Car ordered 20.2.1976. On 26.2.1976 the dealers telephoned to inform the the car was ready for collection.
Collected car Friday 27.2.1976. On arrival home, inspected underside, discovered oil leak, appeared to be from the gearbox.
Returned the car to supplier and explained what I had found, confirmed that the gearbox was at fault, old faithful 1300 returned to me for use.
Gearbox removed, fault found to boot oil-seal gone, car returned the following Thursday afternoon.
All seemed well until about due for 1,000 mile service and garage asked to check.
(1) Brakes, as on occasions felt spongy and there was rather a lot of travel in the brake pedal.
(2) Check locking action of front passenger’s door.
(3) Exhaust pipe sounded as though it was vibrating against the underside of fuel tank.
t 4) Replaced nearside indicator light cover (never replaced to date).
Brakes Continued to feel wrong, and finally locked-on in Colchester. When freed, drove to garage to complain further about poor braking performance. Servo unit found to he at fault and changed.
3,000-mile service was routine. All is well between this service and the first schedule 6,000-mile service interval, some enjoyable motoring.
At 7,600 miles stop-light switch fails, and alternator decides to stop charging.
Then at 8,400 miles, clutch pressure comes adrift again in Colchester within fifty yards of where the brakes locked up. (On the Avenue of Remembrance-Thou shall not forget) . . . Cost £70.06.
All well again between August and the 12,000-mile service during November. Gremlins struck again just before Christmas at 14,000 miles on route for Liverpool. The solenoid decides it is its turn to develop a loose internal connection, which was held in place by a cocktail stick untill February 1977.
During December to February, I tried everywhere to obtain a replacement. Telephoned the importers, but received no satisfaction, in fact they informed me that they did not know when they would receive shipments of spare parts. With which I wrote to the manufacturer in Poland informing them as to my thoughts with regard to the inadequate supply of minor components. (To date they have declined to answer.) However, success was in sight; I contacted Fiat (Italian) dealers, and obtained a solenoid for the 125 which fitted-goodbye to the cocktail stick.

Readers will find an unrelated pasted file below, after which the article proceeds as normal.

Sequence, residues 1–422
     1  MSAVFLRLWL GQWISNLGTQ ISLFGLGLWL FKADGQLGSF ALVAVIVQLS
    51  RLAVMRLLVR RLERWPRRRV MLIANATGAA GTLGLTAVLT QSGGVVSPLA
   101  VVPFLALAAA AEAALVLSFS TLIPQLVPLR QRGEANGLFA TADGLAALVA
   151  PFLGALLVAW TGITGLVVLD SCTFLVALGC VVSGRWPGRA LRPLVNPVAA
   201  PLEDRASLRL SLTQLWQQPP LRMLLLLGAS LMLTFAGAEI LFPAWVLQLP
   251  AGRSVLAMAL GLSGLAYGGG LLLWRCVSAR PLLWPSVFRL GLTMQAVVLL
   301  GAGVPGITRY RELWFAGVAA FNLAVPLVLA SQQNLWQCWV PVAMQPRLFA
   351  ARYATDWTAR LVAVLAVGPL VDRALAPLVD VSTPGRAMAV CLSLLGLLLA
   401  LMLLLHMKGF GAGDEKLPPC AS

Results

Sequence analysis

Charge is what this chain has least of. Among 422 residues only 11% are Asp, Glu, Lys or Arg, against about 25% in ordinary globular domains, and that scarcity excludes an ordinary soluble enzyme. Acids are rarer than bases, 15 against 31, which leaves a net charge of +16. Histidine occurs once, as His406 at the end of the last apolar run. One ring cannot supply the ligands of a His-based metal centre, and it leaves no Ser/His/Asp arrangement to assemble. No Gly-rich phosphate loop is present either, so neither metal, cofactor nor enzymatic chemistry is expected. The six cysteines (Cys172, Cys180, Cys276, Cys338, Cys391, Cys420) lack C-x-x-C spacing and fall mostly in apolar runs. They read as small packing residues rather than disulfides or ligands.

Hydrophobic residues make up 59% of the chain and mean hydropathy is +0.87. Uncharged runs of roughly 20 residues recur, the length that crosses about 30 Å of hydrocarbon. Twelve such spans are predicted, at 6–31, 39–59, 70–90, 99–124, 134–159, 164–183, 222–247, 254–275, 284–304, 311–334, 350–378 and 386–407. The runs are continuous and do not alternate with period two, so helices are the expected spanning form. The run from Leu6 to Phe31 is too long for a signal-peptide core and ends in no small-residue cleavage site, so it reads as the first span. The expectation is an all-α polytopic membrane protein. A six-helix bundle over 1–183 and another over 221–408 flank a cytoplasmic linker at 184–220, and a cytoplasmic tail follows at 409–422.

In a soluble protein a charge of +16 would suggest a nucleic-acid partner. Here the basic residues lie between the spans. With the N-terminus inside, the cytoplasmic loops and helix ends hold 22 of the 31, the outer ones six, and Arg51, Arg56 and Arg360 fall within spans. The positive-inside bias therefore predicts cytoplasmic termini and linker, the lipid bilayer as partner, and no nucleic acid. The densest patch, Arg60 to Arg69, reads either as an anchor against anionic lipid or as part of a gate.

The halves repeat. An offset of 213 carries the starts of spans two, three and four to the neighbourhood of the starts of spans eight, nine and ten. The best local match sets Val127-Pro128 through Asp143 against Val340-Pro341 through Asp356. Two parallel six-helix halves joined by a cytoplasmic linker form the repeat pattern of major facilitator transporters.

I decided to purchase the car after reading the various road testers’ reports in the national magazines.
My final summary is that although the vehicle proves mechanically reliable this is due obviously from its inherited mechanical components. Unfortunately the Polish workmanship does not appear to do justice to the Italian marque name which it bears.
During the past 16,000 miles the vehicle has been plagued by minor problems of most irritating nature. One does not particularly mind a few problems so long as one can take corrective measures, having at one’s disposal a supply of spare parts.
Thanks to a local Fiat dealer (Italian) who has an ample supply of 125 parts, many of which it appears are interchangeable, I have been given access to “off-the-shelf replacement of minor accessories”.
Running costs for past year:
Car on the road cost … . £1,615.36
Many thanks for an excellent magazine.
Ilford DOUGLAS B. CRESDEE
(In common with other journals, we praised the Polski-Fiat as excellent value for mom, based on a test car which performed faultlessly for our one-week/1,000-mile test. Unfortunately, this Polish-built car scents less satisfactory in more prolonged service. Mr. Cresdee’s experiences reflect those of other owners we have had contact with. A Polski owner who has close connections with our publishing company reports serious brake and gearbox maladies and appallingly bad spares availability.. The Polski really does seem a case of “You gets what you pays for”Ed.)